Plant of the Week
Mead’s Milkweed (Asclepias meadii)
By Christopher David Benda
Mead’s Milkweed is a rare perennial plant in the Milkweed family (Asclepiadaceae). The genus name “Asclepias” refers to the Greek god of medicine Asklepios, while “meadii” refers to this species being named in honor of Dr. Samuel Mead, the original collector of this species in Illinois in 1843. Little did Dr. Mead know that a century later, this species would be extirpated throughout most of its range.
The current rarity of the species can be explained by several factors. Most of the prairie habitat that harbored this species has been converted to agriculture. This species is slow growing and can take four years to flower. Long-lived species tend to produce fewer offspring than short-lived species and annuals. Little is known about the pollination of this species, but the scarcity of populations leads to low visitation by insects, although bees having been observed on flowers. Combined with frequent mowing in many of the areas where this species remains, this plant rarely produces seed, and when it does, it is often unviable due to inadequate gene flow. Thus, this species often reproduces vegetatively and many populations exist only of clones.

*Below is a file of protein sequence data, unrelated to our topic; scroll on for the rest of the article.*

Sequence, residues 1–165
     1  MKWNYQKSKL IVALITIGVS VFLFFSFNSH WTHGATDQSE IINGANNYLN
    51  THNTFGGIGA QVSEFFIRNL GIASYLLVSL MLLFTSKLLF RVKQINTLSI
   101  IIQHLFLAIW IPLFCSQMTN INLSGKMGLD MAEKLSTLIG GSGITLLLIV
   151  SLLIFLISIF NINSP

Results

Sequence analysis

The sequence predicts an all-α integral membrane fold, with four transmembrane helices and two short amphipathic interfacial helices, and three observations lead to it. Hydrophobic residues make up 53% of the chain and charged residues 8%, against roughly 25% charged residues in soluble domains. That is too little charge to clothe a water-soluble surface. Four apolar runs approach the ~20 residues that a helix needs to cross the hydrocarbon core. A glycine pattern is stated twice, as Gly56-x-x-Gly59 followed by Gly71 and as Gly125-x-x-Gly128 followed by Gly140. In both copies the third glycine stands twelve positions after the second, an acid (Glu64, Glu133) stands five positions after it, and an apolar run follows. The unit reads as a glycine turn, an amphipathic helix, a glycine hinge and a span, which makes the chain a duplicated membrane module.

Once widespread across the virgin tallgrass prairies of the Midwest, this species is now extirpated or rare across most of its range, leading to it being listed as federally threatened. Fire is essential to the persistence of this species. It remains in high quality prairie habitats and railroad right-of-ways in Iowa, Illinois, Missouri, and eastern Kansas.